Six Held in Connection With Deadly Myanmar Riots

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A Muslim woman reacts after losing her home during recent violence in Thabyuchine village near Thandwe, in Rakhine state, Oct. 3, 2013.
A Muslim woman reacts after losing her home during recent violence in Thabyuchine village near Thandwe, in Rakhine state, Oct. 3, 2013.

Myanmar police have detained six people in connection with anti-Muslim riots in Rakhine state this week that left at least five people dead and more than 100 buildings destroyed, officials said Thursday, as authorities sought to restore calm to the restive region.

Tuesday’s violence was the latest to hit Myanmar in a series of incidents that have killed at least 45 people this year. Clashes between Rohingya Muslims and Rakhine Buddhists that rocked Rakhine state last year left more than 200 dead and 140,000 displaced.

Aye Maung, chairman of the Rakhine Nationalities Development Party (RNDP), told RFA’s Myanmar Service that six people were taken into custody by police late on Wednesday and were being investigated for their role in the riots.

“According to a list we have, six people were detained and are being investigated,” he said.

“We have to ask if these detentions and investigations are according to the constitution. The police need to have warrants or permission from a judge if they want to detain someone for more than 24 hours.”

He said that one of the six detained was RNDP Thandwe chairman Ko Maung Pu, who had been arrested at around 11:00 p.m. on Wednesday. He did not provide details about the other five detainees.

Myint Moe, a member of the Rakhine Buddhist group Myo Batha Tharthana, said that the six detainees were being held in Thandwe Prison.

“Three people from our group, two businessmen and a township level RNDP chairman were detained between 11:00 p.m. and 12:00 a.m. [on Wednesday] night,” he said.

“The detainees were sent to Thandwe Prison.”

Deadly riots

The riots on Tuesday stemmed from an argument over the weekend between a Rakhine Buddhist and a local Kaman Muslim over a parking space for a motorcycle in Thandwe township, triggering arson attacks against property owned by Muslims.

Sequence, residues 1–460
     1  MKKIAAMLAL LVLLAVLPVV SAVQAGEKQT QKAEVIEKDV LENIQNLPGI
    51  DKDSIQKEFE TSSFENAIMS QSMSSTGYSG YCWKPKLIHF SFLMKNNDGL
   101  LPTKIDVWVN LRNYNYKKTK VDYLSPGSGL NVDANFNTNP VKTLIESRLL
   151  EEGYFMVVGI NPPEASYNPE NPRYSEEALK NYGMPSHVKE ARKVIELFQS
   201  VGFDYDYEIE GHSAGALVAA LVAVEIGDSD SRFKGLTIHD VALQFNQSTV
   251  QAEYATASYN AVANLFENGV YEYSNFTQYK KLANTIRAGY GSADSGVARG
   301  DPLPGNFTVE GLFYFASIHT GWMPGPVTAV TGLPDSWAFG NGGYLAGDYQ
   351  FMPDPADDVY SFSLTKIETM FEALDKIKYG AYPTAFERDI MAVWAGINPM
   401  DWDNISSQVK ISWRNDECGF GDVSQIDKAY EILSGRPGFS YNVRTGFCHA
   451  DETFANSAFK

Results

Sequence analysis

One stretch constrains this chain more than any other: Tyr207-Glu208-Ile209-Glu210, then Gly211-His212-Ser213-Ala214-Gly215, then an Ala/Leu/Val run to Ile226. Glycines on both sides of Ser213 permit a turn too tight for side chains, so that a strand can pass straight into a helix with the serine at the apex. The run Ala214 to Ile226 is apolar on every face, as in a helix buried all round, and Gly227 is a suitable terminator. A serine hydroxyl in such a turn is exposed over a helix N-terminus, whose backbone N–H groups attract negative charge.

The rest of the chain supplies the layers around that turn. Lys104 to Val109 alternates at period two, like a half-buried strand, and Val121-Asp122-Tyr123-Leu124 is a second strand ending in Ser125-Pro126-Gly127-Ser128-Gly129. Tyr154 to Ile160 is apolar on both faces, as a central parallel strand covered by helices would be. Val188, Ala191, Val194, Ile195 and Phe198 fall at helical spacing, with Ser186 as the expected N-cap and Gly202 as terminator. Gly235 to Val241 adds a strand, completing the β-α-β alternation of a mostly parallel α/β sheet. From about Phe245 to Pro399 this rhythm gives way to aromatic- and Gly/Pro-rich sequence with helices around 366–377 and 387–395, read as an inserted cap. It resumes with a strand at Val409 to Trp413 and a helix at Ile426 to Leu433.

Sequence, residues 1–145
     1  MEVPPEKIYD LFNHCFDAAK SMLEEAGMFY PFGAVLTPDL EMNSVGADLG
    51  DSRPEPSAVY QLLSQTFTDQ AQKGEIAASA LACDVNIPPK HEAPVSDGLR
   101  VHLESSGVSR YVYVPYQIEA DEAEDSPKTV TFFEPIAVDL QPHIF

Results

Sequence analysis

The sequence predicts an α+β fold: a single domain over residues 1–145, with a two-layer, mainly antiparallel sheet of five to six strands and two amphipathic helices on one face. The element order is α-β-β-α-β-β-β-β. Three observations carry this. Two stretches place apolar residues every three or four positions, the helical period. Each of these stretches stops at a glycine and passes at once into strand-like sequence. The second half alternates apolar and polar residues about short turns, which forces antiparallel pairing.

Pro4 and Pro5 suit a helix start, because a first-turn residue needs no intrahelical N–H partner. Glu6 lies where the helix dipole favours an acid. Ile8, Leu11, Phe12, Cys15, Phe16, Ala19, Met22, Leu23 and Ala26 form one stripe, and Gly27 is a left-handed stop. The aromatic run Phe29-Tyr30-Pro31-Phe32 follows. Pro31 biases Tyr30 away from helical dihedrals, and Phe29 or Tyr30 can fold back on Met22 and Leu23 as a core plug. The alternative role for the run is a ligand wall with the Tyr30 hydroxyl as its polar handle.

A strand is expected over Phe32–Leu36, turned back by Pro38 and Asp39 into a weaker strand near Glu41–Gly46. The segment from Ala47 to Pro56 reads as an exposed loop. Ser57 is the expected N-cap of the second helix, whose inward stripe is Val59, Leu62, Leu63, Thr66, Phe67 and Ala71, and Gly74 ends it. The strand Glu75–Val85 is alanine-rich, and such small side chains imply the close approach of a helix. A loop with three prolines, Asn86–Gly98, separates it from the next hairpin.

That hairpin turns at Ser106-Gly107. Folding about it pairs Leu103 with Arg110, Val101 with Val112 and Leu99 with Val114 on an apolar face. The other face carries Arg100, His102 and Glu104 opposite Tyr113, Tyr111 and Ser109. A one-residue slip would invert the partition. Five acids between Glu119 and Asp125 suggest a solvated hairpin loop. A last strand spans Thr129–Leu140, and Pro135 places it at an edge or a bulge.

The violence occurred as President Thein Sein made his first visit to Rakhine state since taking office in 2011. He met with leaders and officials from the affected township Wednesday to discuss ways to promote reconciliation between Buddhist and Muslim communities.

Rakhine State Attorney General Hla Thein said that five people were killed, including a 94-year-old Muslim woman who was stabbed to death, and four injured in the attacks, as 800 Buddhist rioters armed with knives and sticks went on a rampage in Thandwe’s Pauktaw and Thabyuchine villages.

“According to our list, 102 houses, a hut, two mosques, and a shop were burnt and destroyed,” he said.

“A total of 448 people from 103 households were left homeless.”

Agence France-Presse reported Thursday that the death toll had risen to six, all of whom were Muslim, citing police.

Restoring calm

Authorities on Wednesday began enforcing a strict curfew between 6:00 p.m. and 6:00 a.m. in the area, and residents said that many of the families that had fled the violence and were hiding in neighboring villages had returned home.

The Rakhine state government placed those who lost their homes in a refugee camp in nearby Linthe village and has been delivering aid to victims, residents said, adding that the injured have been receiving treatment at Thandwe Hospital.

Thein Sein on Thursday met with Thandwe residents and business owners but did not venture into outlying villages, before returning to the capital Naypyidaw.

Reported by Min Thein Aung, Sai Tun Aung Lwin and Myo Thant Khine for RFA’s Myanmar Service. Translated by Khet Mar. Written in English by Joshua Lipes.





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